The Carroll County 4-H & FFA Fair will go on this year, but because of the coronavirus pandemic, the event will not be open to the public.
Jim Weishaar, chairman of the fair board, said Wednesday the executive board of Carroll County 4-H and FFA made the decision after much deliberation. The fair will be held Aug. 1 to 7 — one day shorter than normal because there will be fewer events.
“It was not an easy decision to make,” he said.
According to Weishaar, exhibitors and their families will be welcome to the event, but private security will be in place to ensure members of the public do not enter. There will be no entertainment and no parade, and food will be provided to exhibitors outdoors. Livestock shows will occur, but be limited to one species per day to limit the amount of people in the Carroll County Agriculture Center. Not all indoor exhibits will be able to occur, a change from the norm that Weishaar said will be communicated to exhibitors.
Buyers planning to attend the Friday livestock sale may come in person by pre-registering, but they will also be able to participate virtually, Weishaar said. They are also in the process of preparing the livestock shows to be live streamed, he said. More details about this process will be provided in the future.
“For a long time we continued to try to plan in the hopes that we could hold a normal event,” Weishaar said, but it became apparent this would not be a typical year.
The executive board chose to hold a modified fair so local youth in 4-H and FFA can still showcase their talent while being safe, he said.
“Our whole goal this year has been to provide opportunities to the kids that have worked so hard,” Weishaar said.
Hand sanitizer and hand washing stations will be available and monitored by a cleaning crew, which will also attend to the restrooms, according to Weishaar. He said the fair board is working with Carroll County Health Department to plan the event and will follow its suggestions.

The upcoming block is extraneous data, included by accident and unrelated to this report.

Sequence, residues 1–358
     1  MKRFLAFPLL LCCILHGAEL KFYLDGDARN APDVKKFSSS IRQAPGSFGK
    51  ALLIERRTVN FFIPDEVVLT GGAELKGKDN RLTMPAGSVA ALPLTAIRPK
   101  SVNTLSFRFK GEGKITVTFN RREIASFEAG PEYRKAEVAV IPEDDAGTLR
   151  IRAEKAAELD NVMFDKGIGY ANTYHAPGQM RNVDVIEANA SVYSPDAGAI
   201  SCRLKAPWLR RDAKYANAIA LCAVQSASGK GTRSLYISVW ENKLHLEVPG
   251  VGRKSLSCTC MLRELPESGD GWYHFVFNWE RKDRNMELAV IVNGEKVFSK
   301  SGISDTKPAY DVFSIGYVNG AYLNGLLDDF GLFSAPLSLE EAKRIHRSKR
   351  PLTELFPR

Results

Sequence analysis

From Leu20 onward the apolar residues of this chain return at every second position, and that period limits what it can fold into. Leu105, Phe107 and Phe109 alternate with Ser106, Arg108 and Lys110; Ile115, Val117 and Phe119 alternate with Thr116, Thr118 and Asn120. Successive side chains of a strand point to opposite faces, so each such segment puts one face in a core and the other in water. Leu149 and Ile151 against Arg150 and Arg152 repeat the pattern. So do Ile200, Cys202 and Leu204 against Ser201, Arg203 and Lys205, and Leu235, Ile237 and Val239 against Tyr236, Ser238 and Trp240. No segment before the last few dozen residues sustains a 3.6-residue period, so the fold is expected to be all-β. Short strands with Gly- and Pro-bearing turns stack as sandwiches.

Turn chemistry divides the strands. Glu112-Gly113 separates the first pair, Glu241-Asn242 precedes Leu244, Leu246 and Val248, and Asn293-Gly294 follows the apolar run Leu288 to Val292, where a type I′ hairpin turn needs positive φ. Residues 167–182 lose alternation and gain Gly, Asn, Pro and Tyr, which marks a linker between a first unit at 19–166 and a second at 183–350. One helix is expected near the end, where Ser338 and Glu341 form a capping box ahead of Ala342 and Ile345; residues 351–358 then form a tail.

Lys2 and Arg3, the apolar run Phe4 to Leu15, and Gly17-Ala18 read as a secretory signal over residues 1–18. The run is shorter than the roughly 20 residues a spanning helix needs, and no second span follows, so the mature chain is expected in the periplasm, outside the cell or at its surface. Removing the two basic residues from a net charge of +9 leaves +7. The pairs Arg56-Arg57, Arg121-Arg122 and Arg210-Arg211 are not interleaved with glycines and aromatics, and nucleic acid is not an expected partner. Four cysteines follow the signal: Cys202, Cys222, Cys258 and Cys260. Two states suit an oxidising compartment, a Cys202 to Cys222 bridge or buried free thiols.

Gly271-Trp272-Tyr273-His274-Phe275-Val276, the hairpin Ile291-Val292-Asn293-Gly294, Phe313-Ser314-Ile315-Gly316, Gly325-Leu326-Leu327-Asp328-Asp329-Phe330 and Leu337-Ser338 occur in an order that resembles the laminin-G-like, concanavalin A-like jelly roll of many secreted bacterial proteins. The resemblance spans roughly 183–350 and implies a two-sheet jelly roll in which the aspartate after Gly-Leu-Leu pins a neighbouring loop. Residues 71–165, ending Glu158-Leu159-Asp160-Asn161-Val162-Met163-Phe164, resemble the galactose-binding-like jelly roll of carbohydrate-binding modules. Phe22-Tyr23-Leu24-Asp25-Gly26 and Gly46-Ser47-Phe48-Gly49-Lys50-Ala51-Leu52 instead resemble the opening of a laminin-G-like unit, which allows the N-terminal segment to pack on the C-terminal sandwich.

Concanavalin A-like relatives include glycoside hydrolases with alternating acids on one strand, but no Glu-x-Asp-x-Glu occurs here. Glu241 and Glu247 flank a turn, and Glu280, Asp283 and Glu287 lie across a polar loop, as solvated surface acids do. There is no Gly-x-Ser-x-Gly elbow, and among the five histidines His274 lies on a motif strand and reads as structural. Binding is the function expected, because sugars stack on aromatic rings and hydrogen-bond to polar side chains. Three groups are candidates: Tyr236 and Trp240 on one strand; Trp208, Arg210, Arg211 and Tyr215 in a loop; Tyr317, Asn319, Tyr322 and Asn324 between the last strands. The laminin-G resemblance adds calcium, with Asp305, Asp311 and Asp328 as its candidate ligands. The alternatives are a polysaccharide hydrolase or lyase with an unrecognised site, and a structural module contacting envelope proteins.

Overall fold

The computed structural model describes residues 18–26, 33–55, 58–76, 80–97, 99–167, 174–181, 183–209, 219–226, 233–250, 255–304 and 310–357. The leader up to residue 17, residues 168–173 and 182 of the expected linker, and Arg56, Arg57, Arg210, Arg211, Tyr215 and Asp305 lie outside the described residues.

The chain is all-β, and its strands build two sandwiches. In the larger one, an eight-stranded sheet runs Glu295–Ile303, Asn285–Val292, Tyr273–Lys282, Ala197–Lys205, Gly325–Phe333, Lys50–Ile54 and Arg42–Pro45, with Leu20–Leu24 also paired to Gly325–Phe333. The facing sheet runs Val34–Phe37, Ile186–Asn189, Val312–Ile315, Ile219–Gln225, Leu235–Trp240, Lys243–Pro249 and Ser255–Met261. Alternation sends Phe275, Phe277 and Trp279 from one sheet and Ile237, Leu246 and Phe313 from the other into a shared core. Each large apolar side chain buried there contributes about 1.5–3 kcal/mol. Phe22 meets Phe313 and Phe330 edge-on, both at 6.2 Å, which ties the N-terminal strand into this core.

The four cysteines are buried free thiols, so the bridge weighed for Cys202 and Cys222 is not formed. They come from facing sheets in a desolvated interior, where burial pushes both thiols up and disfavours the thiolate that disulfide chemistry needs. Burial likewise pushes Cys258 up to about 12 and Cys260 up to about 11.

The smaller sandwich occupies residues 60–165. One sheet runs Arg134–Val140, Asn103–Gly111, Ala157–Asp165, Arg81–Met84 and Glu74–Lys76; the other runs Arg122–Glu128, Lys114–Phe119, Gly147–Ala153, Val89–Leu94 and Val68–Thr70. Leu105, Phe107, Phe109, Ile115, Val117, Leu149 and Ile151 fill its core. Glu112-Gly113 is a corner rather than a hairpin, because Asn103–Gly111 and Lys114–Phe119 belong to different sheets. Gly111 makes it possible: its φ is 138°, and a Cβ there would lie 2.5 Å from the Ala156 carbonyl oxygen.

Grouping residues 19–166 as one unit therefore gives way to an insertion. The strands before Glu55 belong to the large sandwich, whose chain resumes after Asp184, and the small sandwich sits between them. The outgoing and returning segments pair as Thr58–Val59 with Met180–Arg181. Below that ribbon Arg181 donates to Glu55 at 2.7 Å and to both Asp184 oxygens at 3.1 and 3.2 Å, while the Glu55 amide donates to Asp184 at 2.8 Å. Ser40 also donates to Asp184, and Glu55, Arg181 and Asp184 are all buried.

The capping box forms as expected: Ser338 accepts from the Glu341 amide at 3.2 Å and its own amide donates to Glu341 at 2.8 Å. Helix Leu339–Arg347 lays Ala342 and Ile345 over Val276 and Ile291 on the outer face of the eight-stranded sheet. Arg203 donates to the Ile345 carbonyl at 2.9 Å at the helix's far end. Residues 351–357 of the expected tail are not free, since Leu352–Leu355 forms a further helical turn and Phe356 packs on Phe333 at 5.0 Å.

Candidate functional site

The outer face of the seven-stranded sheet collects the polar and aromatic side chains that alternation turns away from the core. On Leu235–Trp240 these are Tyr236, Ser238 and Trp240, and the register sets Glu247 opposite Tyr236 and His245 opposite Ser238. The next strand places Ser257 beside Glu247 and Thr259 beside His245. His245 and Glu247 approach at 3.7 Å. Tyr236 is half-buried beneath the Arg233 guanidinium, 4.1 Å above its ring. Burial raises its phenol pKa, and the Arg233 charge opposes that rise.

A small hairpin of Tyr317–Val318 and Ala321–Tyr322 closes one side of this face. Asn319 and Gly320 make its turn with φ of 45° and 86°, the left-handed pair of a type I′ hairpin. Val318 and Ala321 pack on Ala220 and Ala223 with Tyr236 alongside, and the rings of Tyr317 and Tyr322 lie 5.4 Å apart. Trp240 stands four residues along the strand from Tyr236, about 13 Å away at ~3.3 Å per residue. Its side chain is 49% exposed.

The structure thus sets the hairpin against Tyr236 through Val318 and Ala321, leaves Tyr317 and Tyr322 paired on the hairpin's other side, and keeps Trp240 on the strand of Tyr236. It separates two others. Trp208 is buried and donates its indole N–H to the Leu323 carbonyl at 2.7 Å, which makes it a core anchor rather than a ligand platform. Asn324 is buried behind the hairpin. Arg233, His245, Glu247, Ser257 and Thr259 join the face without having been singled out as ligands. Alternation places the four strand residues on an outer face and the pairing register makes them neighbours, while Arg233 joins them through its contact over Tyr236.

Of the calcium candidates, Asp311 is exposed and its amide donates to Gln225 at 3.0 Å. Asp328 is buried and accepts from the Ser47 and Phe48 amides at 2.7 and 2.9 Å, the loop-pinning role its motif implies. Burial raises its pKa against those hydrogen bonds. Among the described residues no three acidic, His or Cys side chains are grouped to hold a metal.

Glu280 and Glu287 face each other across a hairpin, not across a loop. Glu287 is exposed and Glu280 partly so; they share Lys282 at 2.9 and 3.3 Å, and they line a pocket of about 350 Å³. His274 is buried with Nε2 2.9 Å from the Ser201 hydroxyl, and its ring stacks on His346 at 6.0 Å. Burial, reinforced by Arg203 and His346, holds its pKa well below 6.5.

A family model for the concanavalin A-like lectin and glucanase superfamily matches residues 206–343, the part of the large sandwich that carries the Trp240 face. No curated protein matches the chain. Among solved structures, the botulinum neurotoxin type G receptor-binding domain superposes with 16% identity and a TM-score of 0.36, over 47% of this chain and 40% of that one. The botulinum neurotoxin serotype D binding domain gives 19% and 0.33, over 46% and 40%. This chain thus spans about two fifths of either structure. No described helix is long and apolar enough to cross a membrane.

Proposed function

Masks may not be required in cases when there is adequate social distancing, Weishaar said, noting the mask policy is being developed. “It’s still a work in progress,” he said.
Andrea Hanley, deputy director of the county Bureau of Environmental Health, confirmed the health department is working with fair board officials to plan the event to be as safe as possible. The bureau has been working with local businesses and vendors throughout the pandemic, Hanley wrote in an email.
“While we recommend that people avoid large gatherings, especially those who are at higher risk for serious illness from COVID-19, these events are no longer prohibited by state order, so we want to ensure that all possible measures are being taken to reduce the risk of spreading the virus,” Hanley wrote.
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The fair board is directly communicating with exhibitors about its decision, and Weishaar said feedback has been positive so far. He said they seem happy to have the opportunity to show their work at the fair.
Westminster resident Crystal Stowers, 19, is a longtime member of 4-H. She shows sheep, cattle, goats and pigs, and is also a youth representative on the fair board.
This year marks her last opportunity to show her animals at the fair before she ages out of 4-H.
Once COVID-19 hit Carroll County, Stowers said many 4-H students were worried whether there would be a fair. They had to consider if it was worth investing in animals they might not be able to sell, she said.
“At least everyone else is still able to show,” Stowers said. “I’m grateful that at least we’ll have something ... .”
Stowers pointed out silver linings, acknowledging that the lack of crowds will allow exhibitors to move their animals from one ring to another with more ease. It should also be cooler in temperature, with fewer people. Weishaar said that in a good year they typically see 50,000 people in a week.
Weishaar said information about the fair will be provided to exhibitors before the fair’s start, but anyone with questions may contact the fair staff at email@example.com or by calling 410-848-3247.